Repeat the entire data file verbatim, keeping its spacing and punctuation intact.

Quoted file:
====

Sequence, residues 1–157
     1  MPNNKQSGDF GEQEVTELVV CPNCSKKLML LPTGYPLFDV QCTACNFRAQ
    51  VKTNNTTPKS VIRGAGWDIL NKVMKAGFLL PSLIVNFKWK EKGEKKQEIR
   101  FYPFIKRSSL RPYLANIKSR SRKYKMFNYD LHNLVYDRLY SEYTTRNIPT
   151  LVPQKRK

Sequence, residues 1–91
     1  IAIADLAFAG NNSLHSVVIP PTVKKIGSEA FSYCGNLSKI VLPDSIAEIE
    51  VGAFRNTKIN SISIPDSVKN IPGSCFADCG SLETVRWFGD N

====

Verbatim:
Sequence, residues 1–157
     1  MPNNKQSGDF GEQEVTELVV CPNCSKKLML LPTGYPLFDV QCTACNFRAQ
    51  VKTNNTTPKS VIRGAGWDIL NKVMKAGFLL PSLIVNFKWK EKGEKKQEIR
   101  FYPFIKRSSL RPYLANIKSR SRKYKMFNYD LHNLVYDRLY SEYTTRNIPT
   151  LVPQKRK

Sequence, residues 1–91
     1  IAIADLAFAG NNSLHSVVIP PTVKKIGSEA FSYCGNLSKI VLPDSIAEIE
    51  VGAFRNTKIN SISIPDSVKN IPGSCFADCG SLETVRWFGD N